"My PhD dissertation is centred upon a simple yet important question: how environmentalism is understood and practiced in the Middle East? Although environmental activism has been widely researched, environmentalism and environmental advocacy in the Middle East are poorly understood and understudied (Sowers, 2018). I explore the social and political capacities of environmental movements in the Middle East and examine the potentials and limitations of the current theories of environmental movements to explain how these movements operate in closed societies through conducting ethnographic fieldwork in environmental NGOs in Egypt, Turkey, and Qatar. I am especially concerned with whether (and if so how) environmental movements and public engagement with environmental issues relate to human rights activism and pro- democracy actions in political spheres in the Middle East. I begin my research by examining how Middle Eastern environmental activists interpret nature, politics, and environmental governance and how they employ these understandings in their activism, engagement with politics, and strategies to deal with the state. I am interested in whether environmentalism has led or may lead to a more enriched civil society by expanding citizen engagements and the public sphere and eventually by strengthening democratic mechanisms."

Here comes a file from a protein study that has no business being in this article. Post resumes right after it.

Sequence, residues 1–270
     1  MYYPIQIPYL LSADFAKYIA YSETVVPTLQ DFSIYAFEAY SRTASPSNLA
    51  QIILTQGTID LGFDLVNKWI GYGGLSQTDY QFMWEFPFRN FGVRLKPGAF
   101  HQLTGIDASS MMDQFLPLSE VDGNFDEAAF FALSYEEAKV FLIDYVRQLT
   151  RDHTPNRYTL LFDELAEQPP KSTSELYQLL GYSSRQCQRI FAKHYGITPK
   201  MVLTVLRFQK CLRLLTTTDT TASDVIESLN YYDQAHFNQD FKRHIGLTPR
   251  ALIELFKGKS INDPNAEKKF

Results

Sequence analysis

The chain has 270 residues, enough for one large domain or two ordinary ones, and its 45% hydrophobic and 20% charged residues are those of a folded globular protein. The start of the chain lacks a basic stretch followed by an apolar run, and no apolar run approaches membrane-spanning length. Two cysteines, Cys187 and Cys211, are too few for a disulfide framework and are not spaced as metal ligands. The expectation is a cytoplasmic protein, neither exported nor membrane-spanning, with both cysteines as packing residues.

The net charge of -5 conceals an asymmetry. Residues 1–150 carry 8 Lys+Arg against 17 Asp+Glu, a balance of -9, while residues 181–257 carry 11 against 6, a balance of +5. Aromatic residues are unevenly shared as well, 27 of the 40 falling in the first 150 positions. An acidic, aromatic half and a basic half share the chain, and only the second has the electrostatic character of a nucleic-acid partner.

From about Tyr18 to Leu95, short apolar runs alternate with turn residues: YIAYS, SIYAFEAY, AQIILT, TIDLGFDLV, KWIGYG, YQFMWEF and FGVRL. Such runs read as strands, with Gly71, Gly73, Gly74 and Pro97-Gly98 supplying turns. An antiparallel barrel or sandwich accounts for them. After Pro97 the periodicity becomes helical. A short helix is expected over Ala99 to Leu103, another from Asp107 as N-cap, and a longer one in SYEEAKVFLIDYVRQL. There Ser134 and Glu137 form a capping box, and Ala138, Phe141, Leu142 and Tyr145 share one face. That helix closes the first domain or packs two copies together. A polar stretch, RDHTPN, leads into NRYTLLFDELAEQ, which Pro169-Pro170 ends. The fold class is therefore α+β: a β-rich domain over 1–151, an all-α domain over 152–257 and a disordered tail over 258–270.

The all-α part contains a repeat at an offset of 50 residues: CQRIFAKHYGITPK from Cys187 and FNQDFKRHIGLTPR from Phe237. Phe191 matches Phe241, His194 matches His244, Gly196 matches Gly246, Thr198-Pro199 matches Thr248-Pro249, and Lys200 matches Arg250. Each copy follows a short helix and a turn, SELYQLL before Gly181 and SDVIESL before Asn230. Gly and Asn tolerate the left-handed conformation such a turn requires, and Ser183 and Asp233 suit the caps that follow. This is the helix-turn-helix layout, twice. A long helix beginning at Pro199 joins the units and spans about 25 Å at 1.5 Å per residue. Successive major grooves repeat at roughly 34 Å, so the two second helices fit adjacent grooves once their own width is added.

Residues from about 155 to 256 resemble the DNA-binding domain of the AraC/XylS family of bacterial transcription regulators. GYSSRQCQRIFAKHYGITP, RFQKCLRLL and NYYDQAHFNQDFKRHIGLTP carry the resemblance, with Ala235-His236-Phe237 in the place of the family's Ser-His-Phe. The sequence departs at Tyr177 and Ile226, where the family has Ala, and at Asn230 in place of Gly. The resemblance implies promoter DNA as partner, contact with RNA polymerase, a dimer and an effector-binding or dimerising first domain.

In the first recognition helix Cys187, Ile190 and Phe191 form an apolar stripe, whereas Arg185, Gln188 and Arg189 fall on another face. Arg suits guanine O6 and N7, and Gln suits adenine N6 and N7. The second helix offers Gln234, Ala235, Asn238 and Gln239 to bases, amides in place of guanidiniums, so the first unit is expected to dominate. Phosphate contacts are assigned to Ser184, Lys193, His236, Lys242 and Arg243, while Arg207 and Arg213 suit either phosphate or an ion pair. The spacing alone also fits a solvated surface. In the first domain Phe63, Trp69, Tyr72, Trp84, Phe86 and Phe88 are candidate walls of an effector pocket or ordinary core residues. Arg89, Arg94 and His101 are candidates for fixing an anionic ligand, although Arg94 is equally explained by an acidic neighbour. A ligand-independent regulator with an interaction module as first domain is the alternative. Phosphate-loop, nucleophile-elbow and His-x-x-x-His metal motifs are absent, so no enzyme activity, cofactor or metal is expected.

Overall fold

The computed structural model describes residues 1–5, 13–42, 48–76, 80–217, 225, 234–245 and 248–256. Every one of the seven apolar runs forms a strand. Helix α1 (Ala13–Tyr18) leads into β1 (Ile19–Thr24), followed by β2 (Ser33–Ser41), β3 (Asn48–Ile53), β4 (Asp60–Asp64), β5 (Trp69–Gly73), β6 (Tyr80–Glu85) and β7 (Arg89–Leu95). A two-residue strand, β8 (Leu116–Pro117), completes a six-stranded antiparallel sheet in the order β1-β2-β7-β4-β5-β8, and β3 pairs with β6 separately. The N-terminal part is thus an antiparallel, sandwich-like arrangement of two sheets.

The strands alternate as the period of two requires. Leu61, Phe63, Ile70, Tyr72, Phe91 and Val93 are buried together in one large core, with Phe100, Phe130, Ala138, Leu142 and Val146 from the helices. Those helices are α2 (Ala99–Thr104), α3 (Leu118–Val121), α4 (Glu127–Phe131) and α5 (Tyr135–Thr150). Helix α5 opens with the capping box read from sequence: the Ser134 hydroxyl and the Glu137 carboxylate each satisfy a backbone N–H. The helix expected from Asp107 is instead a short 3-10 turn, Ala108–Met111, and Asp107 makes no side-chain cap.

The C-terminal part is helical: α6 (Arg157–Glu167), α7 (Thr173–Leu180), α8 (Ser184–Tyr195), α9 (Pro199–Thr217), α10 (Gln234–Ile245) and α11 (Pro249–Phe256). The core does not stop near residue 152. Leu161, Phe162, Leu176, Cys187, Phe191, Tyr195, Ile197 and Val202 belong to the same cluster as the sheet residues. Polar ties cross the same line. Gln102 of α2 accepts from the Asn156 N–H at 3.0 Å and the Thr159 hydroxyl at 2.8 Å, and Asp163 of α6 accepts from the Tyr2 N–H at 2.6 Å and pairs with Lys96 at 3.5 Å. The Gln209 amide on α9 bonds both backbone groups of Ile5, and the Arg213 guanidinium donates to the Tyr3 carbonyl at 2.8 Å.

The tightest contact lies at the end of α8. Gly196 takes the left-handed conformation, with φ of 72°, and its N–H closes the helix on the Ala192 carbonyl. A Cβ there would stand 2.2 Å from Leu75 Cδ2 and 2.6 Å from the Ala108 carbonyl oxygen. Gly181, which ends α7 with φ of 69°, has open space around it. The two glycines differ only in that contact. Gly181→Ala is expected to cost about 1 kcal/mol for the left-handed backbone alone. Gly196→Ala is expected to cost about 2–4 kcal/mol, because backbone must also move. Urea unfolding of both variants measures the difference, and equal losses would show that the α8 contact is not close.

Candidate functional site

Rezvaneh Erfani, PhD Student in Sociology
"My broad research interests fall at the nexus between international relations and comparative politics with a chief emphasis on third world security, political economy of energy, postcolonial analysis, and global North-South energy relationships (post-petroleum) as either political dependence, independence or both. In my PhD thesis, I aim to unravel the complexity of how energy systems, petroleum or solar (or hydroelectric), concentrate rather than disperse power and shape particular kinds of state’s sovereignty in the Twenty-first century. At the heart of my research interests there lies a sympathy to non-mainstream political science, critical international relations theory, and the voice of subaltern in international relations. As such, my work contributes to the great conversation on why there is no theory of third world international relations and joins the efforts to decolonize the field of its euro-centrism and traditional mainstream orthodoxies."